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This week I’m reading a Richard Branson book, founder of Virgin Music and 400 other companies. In it, he talks about following rules. A bit of a maverick, he shares this story:
“I was walking to a meeting in London one day and saw a group of students walking to school in single file. At first they looked very normal in their perfectly pressed and matching uniforms. At second glance I noticed their ties had all been cut. Curious, I asked the teacher who was heading up the back of the line ‘What was with the ties?’ She told me the strict dress code required that all students wore ties, but nowhere in the dress code did it say how long they had to be. So snip! Snip! And the students were happier about having to wear them.’”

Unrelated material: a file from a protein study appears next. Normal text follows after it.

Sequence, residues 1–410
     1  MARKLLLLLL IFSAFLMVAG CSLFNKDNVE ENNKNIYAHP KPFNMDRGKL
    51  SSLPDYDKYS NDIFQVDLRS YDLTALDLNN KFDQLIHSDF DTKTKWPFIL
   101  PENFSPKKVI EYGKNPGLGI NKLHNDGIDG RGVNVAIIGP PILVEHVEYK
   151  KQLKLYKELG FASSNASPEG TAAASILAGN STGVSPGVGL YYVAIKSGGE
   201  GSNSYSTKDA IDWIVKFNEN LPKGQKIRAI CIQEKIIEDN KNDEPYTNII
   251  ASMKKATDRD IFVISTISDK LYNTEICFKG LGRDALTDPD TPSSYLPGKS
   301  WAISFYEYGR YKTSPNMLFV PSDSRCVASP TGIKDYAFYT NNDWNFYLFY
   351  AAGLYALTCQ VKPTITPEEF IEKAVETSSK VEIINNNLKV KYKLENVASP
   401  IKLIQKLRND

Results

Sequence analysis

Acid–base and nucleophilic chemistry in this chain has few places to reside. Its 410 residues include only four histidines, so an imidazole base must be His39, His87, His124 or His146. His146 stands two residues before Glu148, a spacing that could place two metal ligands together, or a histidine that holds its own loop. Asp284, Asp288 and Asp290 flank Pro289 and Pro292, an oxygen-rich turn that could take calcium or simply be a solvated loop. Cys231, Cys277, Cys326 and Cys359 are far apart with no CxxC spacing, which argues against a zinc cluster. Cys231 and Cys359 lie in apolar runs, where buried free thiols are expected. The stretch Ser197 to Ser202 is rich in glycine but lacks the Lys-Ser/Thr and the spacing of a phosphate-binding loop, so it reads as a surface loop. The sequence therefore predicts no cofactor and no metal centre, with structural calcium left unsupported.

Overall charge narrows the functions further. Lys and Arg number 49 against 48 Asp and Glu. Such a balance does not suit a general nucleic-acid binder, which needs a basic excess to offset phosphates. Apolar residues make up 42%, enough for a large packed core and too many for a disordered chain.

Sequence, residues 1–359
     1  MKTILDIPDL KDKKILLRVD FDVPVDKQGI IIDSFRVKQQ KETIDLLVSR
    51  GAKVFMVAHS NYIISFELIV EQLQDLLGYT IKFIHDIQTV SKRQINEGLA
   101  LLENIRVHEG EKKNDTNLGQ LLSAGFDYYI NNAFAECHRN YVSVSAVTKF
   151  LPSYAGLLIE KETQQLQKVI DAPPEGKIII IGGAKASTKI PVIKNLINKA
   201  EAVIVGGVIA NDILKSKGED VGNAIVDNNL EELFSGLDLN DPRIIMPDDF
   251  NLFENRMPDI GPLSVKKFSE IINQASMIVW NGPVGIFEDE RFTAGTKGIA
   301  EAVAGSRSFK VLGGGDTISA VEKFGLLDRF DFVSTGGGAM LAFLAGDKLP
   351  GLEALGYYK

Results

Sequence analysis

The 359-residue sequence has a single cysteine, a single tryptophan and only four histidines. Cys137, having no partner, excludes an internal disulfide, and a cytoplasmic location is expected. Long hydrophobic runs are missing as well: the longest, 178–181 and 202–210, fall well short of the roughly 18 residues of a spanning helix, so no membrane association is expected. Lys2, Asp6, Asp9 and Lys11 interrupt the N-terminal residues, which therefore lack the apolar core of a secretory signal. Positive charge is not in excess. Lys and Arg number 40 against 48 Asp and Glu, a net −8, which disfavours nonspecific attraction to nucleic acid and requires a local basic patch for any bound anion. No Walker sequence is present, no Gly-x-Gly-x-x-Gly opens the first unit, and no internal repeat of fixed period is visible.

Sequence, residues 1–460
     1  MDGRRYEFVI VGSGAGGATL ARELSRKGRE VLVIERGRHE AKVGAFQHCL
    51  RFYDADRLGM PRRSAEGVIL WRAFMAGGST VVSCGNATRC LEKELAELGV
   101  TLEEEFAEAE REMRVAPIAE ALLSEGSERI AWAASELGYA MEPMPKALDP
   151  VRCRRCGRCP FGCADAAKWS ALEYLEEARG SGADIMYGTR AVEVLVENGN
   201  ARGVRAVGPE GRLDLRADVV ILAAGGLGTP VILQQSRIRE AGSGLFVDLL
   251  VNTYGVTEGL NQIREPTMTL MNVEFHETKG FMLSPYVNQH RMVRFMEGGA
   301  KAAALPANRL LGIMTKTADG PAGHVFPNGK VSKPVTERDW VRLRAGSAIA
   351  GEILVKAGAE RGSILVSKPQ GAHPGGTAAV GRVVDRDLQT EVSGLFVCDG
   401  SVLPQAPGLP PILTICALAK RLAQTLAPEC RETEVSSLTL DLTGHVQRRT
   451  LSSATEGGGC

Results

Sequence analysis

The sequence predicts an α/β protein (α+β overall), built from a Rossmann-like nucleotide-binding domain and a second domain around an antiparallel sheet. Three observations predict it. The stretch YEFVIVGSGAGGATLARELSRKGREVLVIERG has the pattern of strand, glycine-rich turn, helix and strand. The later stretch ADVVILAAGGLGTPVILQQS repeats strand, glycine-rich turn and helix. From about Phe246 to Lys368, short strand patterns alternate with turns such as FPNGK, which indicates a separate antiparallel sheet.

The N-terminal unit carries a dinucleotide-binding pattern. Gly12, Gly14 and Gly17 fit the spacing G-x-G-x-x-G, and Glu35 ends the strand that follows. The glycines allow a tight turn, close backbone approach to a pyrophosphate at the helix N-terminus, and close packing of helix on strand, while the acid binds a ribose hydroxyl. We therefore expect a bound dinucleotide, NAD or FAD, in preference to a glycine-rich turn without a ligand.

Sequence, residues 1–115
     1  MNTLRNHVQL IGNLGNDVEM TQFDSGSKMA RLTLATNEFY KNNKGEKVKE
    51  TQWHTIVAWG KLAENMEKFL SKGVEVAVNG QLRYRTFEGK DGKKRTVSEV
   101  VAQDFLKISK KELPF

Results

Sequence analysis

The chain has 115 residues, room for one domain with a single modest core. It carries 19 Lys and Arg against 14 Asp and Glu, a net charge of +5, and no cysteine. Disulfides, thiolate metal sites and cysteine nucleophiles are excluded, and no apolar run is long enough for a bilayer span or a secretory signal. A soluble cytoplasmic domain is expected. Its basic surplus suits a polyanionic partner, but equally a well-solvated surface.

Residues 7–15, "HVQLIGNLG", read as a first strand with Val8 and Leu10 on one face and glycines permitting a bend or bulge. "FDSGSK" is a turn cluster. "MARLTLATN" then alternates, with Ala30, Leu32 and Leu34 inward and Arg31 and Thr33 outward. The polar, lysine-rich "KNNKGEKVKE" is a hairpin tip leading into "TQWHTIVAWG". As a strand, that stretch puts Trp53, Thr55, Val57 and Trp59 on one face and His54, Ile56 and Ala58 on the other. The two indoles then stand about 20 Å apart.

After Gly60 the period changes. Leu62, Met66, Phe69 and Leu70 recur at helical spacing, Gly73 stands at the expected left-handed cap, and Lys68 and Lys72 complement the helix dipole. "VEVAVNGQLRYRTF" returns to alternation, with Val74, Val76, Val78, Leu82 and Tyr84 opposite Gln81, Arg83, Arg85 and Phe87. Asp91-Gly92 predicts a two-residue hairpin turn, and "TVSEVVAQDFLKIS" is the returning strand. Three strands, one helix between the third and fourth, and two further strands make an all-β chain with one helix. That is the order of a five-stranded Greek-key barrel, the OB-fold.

Are there rules that you follow to the letter and rules that you dismiss entirely? More obvious perhaps are the rules those you lead break repeatedly. Before you make a rule, see if you’d follow it yourself. Does it make sense? And ask yourself if you need that many rules to micromanage yours and their performance …or is the how not as important as the achievement of the outcome.
Also, be sure to download the one page worksheet to help you with today’s lesson.
I’m Monica Wofford and that’s your Monday Moment. Have a great week, an even better Monday, and of course, stay contagious!
Monica, the answer is “YES”. Great Leaders know when rules need to be made; when they need to be followed; and, when they must be broken in order foster creativity and resourcefulness.
As you state, the most important question the Great Leader should as is, “Would I apply this rule to myself and abide by it?” If the answer is yes, it may be a valid rule. If the answer is no, it creates a “do as I say and not as I do” scenario … not a good environment for either leader or follower.
“Well said Tom. Great insight and I agree. We are on the same leadership page.”